Thursday, March 31, 2016

Water Park!

I was flying down the water slide in a double inner tube, holding tenuously on to Alex with my feet. "Hang on, Alex!" I yelled as we rushed into a pitch black tunnel, rocking and slipping forward, left, right.  Frankly, I was mildly terrified.  I couldn't see anything, we were going fast, I had very little faith in Alex not flopping out of his half of the inner tube, and water was getting in my eyes.  I hate water in my eyes.  Alas, we splashed down somewhat safely into the awaiting pool at the water slide's conclusion.  "Can we go again?"  Alex squealed instantly, before I had a chance to blink my contact lenses back into place.  Stupid water in the eyes.  How come grown-ups wear goggles to go scuba diving but not to play in some slide sprinklers and four feet of water?  The struggle is still real no matter what the depth.

Alex and I (and Andy and I) hit the mildly terrifying water slides over a dozen times.  Andy, strapped snug into his life jacket, was also able to go by himself, which he did over and over and over and over again, taking breaks only when we made him eat and also to pee (at least once) in the bathroom.  Our first day at the resort, we probably spent about three hours at the water park.  Emily loved sitting in the baby pool with the water sprinklers bubbling at her feet but would immediately leap into my lap every five minutes when the nearby pirate ship full of one thousand gallons of water would come loudly splashing down, much to the delight of older children and the confusion of guests like me who wondered why housekeeping left notes about not wanting to wash my bath towels every day and yet here they tossed down one thousand gallons of water every five minutes seemingly just to frighten my daughter.  "It's different," Chris replied to this query of mine.  "The water in the water park is recycled, and the detergent water blah blah blah blah."  Whatever.

The second day, the boys spent no less than NINE HOURS in the water park.  Chris and I mercifully switched off going back to the hotel room whenever Emily needed a nap, grateful, not for the first time, that there was a third child to excuse us from possible overexertion with our two rowdy boys. By the end of the second day, the boys were pruney and purple-lipped and just completely water-logged. I could practically see fish swimming behind their eyeballs.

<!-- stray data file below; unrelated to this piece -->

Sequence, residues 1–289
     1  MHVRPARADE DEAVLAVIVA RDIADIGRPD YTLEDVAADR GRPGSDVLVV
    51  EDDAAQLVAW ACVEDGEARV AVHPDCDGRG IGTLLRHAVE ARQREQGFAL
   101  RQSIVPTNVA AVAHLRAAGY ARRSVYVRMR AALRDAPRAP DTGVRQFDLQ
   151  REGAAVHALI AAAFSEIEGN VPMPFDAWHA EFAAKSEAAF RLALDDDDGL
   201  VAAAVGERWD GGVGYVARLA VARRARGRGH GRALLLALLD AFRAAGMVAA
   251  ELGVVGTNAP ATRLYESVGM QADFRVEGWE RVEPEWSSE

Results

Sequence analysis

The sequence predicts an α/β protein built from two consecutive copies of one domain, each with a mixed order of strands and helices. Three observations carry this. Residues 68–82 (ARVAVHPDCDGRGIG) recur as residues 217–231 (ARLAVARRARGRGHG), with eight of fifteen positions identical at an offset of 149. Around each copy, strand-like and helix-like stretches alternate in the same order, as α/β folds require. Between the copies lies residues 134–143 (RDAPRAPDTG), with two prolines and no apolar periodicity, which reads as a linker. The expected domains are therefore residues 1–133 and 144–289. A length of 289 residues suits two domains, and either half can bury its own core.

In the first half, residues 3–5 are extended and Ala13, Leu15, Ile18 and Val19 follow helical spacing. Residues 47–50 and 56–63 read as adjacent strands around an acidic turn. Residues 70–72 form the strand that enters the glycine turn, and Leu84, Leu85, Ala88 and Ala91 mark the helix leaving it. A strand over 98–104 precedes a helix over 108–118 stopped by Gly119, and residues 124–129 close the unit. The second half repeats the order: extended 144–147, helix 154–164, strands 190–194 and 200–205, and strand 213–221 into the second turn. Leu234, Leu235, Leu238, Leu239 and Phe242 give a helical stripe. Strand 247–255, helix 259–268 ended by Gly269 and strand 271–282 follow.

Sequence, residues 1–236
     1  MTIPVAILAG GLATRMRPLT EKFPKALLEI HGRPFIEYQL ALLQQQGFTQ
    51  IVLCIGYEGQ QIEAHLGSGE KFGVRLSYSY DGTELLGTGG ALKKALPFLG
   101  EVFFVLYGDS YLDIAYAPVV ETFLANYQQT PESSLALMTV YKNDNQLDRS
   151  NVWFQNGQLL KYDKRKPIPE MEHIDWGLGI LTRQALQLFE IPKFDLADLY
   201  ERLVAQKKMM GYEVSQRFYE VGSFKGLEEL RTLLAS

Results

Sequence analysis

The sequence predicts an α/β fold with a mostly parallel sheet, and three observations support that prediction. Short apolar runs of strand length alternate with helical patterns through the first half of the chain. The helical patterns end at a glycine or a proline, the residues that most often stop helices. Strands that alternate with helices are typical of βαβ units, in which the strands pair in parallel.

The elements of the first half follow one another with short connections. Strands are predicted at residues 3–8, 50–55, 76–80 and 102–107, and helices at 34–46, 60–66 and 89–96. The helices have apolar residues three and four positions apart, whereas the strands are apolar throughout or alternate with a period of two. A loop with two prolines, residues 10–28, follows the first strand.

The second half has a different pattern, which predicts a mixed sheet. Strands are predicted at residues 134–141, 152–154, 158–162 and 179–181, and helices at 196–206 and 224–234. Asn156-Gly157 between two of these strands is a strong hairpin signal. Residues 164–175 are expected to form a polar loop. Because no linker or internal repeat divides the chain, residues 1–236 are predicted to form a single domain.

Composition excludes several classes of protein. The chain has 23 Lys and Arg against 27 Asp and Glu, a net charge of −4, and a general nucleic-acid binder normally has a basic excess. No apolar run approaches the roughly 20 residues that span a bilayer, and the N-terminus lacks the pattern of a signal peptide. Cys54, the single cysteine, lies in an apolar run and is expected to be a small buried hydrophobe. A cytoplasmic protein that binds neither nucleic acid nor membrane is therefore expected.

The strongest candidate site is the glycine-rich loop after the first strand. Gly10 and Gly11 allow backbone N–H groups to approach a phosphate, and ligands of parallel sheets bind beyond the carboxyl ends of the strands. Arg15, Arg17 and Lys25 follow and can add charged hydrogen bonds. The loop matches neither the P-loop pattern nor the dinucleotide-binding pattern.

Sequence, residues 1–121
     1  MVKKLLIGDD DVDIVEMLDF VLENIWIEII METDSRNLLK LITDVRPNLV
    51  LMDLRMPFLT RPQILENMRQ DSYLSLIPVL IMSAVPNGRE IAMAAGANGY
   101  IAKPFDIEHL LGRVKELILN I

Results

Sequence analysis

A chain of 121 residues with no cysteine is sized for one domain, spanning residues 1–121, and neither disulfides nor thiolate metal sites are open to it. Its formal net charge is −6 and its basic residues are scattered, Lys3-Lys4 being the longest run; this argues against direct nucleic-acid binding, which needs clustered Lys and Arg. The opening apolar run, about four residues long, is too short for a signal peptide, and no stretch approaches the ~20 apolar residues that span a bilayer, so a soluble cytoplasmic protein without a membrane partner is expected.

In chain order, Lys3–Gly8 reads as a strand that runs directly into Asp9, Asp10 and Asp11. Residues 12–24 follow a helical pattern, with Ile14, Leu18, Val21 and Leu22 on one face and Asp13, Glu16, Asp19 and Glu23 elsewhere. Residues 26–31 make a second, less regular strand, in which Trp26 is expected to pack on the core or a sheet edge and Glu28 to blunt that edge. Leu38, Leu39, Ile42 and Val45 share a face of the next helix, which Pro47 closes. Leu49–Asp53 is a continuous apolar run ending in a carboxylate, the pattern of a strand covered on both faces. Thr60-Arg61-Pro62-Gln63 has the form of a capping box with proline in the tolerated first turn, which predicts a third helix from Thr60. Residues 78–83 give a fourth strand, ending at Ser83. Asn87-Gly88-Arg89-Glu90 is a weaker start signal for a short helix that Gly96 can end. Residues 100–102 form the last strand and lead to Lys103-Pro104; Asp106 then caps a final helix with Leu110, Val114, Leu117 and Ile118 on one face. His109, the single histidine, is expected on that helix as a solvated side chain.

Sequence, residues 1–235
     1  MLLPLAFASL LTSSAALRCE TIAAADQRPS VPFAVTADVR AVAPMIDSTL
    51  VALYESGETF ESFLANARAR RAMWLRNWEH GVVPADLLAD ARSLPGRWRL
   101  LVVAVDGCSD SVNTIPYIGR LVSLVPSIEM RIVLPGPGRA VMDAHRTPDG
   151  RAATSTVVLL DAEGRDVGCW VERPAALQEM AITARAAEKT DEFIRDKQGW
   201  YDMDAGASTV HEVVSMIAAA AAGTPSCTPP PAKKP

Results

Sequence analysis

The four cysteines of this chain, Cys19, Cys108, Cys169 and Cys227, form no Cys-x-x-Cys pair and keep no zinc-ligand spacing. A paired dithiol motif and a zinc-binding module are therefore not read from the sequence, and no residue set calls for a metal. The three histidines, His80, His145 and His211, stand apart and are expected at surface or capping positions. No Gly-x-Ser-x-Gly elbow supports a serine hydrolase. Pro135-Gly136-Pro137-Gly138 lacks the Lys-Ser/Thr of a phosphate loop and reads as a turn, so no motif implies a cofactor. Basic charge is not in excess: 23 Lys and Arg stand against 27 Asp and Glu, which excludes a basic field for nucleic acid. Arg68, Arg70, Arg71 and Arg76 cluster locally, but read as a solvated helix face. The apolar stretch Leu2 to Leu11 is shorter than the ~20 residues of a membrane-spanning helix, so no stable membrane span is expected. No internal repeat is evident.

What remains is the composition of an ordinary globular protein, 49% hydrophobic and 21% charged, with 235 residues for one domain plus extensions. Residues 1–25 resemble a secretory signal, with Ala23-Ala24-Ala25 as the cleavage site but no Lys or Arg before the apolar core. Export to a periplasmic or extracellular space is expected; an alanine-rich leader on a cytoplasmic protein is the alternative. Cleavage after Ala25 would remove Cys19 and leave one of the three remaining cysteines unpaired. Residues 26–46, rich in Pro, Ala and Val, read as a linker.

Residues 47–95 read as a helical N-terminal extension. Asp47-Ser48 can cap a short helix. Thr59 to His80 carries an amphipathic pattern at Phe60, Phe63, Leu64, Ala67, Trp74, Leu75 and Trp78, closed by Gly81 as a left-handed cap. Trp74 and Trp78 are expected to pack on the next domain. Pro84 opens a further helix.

This was our spring break vacation.  Three days, two nights in Sheboygan Wisconsin, where- just so you know- the famous space museum is basically now just a bouncy house. No learning on floor number one.  The curator didn't even bother to show up today.  Take the elevator up to floor number two to play on inflatables.  Twenty-three dollars, please.  Did you remember socks?

A water park wasn't originally the plan.  Maybe we'd go to a hotel with a pool and then hit some museums, maybe a botanical garden, perhaps take in a show.  Then we looked around.  A three year old, a five year old, a crawling baby.  We needed something more... fun.  More... water centric. More... contained.  Resort with a water park it was.  The boys lost their minds with excitement when we told them where we were going.  Emily waved enthusiastically in our directions, also eager to show that she was possibly pleased. All in all, it was a great mini-vacation.  Except for the second night.  The second night was awful.